Yen Bai City, Vietnam — Sr. Mary Nguyen Thi Nhiem of the Lovers of the Holy Cross of Hung Hoa turned 75 on Jan. 1, making her and her order the same age.
Nhiem has spent most of her life at the community based in Yen Bai City, northwestern Vietnam, since she was sent there in 1952, when she was 11 years old.
She was displaced many times by wars and experienced slave labor and religious persecution for over four decades to follow her vocation.
Nhiem works to bring Catholicism to Hmong ethnic villagers in remote areas where the government has banned priests from giving pastoral care.
"God offers me a special grace and leads me to him," she told Global Sisters Report.
In 1943, five Phat Diem Lovers of the Holy Cross sisters arrived in Yen Bai and formed a community that later became Hung Hoa Lovers of the Holy Cross. The Yen Bai community is the cradle of the congregation, which has over 300 members working at 32 communities in 10 provinces.
Thanks to her evangelization among Hmong ethnic people, the congregation now has 10 Hmong ethnic nuns.
GSR: Please tell us how your vocation was at first.
Nhiem: My father sent me to sisters who stayed at Vat Lam church in 1952, when I was 11 years old. The sisters were forced to move from Yen Bai by communists who fought against French troops. They grew crops on farms for a living and led me into a shelter from battles between the two sides. Bullets whistled past my ears.
One year later, when the land reform was launched by communists, my father as head of the parish council was bitterly denounced and imprisoned for 10 years. He died in 1971, and my family moved to other places.
In 1957, I was accompanied by the nuns to Son Tay [where the motherhouse is now based] and stayed there for four years. When I returned to visit my family before taking first vows, local authorities kept me at home [because of her father's imprisonment]. I was forced to work at a hydroelectric power dam, build irrigation channels, plow fields and do other work. We forcefully worked as slaves for over a decade.
I kept contact with the nuns in Yen Bai until 1987, when I took first vows. I worked at the convent during the day and had to stay at my relatives' house nearby to avoid being fined and sent into exile. Police regularly checked the convent at night and fined those who had no resident permit.
I had to live in such conditions until 1996, when I took final vows and was allowed to reside at the convent.
What did you do for a living?
Due to terrible situations, I only finished third grade, and other sisters completed elementary school. We had to move other places because of wars and persecution while we had to work to support ourselves. We did all work for a living: growing vegetables and flowers, raising poultry, making soya curds, producing herbal medicine, making clothes.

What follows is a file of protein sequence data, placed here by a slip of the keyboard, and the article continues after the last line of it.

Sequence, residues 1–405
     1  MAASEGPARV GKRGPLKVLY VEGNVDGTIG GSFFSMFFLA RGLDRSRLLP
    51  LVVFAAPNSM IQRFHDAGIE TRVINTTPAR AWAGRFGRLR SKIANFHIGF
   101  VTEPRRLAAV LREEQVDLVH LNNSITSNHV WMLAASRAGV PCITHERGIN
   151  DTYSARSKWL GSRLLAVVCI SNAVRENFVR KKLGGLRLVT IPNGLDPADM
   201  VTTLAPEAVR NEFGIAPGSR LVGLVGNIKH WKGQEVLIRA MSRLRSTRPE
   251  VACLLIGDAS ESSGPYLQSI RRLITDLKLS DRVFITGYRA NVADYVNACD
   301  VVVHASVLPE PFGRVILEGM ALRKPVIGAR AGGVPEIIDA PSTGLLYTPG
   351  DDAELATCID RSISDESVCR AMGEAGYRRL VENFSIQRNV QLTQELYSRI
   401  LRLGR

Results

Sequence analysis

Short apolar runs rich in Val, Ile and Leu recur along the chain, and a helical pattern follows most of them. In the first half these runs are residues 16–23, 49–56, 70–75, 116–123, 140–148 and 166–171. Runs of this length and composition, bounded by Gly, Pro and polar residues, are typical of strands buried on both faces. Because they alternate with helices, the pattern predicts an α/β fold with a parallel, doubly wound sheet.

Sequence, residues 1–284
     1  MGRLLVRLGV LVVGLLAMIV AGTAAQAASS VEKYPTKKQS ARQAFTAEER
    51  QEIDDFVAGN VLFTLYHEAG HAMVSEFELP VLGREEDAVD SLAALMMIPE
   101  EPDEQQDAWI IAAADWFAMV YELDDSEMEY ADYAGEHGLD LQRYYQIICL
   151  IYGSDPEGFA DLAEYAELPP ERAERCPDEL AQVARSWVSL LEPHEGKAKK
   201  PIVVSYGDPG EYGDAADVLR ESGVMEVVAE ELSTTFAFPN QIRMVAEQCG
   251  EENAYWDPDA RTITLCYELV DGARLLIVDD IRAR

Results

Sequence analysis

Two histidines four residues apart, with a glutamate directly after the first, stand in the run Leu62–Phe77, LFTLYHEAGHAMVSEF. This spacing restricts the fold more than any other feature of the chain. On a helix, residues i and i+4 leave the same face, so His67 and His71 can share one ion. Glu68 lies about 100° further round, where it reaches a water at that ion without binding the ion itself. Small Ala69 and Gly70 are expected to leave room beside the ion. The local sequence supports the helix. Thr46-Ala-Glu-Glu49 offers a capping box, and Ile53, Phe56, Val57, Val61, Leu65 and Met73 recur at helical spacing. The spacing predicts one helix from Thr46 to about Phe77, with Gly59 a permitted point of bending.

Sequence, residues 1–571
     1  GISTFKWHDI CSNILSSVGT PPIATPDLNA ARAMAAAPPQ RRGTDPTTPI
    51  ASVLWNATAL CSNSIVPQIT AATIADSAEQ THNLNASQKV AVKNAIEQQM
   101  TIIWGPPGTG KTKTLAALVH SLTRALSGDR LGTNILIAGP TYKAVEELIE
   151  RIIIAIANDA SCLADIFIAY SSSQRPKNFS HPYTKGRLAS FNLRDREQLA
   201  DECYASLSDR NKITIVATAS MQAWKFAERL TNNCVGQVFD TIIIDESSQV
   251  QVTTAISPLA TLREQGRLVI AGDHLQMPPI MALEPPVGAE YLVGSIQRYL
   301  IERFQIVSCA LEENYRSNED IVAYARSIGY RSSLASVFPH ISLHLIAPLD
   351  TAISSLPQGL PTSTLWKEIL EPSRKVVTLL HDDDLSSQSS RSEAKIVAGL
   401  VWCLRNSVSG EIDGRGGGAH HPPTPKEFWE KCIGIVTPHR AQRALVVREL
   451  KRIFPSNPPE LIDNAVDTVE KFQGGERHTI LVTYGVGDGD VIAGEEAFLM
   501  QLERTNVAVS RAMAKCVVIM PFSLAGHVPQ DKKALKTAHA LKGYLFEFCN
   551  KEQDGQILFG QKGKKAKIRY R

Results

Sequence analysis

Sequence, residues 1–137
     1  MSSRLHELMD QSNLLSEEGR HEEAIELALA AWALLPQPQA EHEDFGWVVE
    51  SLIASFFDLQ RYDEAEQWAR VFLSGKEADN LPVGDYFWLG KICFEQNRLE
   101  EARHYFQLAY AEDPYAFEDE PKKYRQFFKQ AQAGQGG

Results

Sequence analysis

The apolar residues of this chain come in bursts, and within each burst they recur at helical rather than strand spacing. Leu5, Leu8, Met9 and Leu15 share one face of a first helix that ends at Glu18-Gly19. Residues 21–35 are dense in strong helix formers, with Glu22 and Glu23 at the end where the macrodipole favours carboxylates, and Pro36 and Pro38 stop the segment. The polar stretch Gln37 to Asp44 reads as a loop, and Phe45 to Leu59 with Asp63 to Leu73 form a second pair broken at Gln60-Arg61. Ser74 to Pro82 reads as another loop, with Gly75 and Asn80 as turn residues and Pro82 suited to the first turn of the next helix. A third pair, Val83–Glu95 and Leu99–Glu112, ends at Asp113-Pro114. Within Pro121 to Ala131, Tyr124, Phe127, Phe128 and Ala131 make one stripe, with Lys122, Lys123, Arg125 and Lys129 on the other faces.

We also looked after the church, organized catechism classes, taught children how to offer flowers to Mary, conducted choirs, held Eucharist procession around the church.
How did you give pastoral care to ethnic villagers?
In the 1980s, we started to cooperate with local priests to serve Hmong people. Because priests were banned from paying pastoral visits to Catholics in remote places, they called on Hmong ethnic Catholics to come to Yen Bai church on major feasts like Christmas and Easter. Thousands of ethnic Catholics from two provinces of Yen Bai and Lao Cai gathered at the church to attend services and received sacraments. They spent one week at the church each time.
We provided them accommodation and food and taught them catechism. We are really happy to share difficulties with ethnic people.
In the 1990s, we traveled to offer services to Hmong people at remote parishes. Each trip lasted a week. We walked through forests and climbed up mountains to visit their villages. We taught catechism, prayers and hymns to children, adults and couples. Hundreds of people received sacraments each time.
However, we tried to work with them quietly and camouflaged ourselves with ordinary clothes, even ethnic costumes, for fear of being detained by police. At that time, all people lived in constant fear of authorities and police. The fear was everywhere. People did not want to see again terrible things they had experienced.
In recent years, our nuns have publicly worn habits and worked with ethnic people in remote areas.
How did you develop the convent?
We lived in the shabby house made of wood and leaves for a long time. Since 1994, thanks to support from benefactors, we have built a chapel and buildings for our accommodation and activities.
We also run a day care center caring for 300 children, most of whom are from non-Catholic families and government officials.
We also hold classes on playing the organ and Scripture as well as retreats for local Catholics.
Young nuns are sent to study theology in institutes in southern Vietnam and enter colleges and universities.
What is your daily work now?
Three other elderly nuns and I have already retired. I administer the Eucharist to sick people in the parish, offer food to people in need, produce herbal medicine, and help prepare food for nuns.
Looking back my life, I see my religious vocation as a miracle God performs on me. I thank God for journeying with me and loving me very much.
In addition, I am very proud that one nephew is a priest and three nieces are nuns, all of them inspired by my religious life and dedicating themselves to serving Hmong people.
[Joachim Pham is a correspondent for Global Sisters Report based in Vietnam.]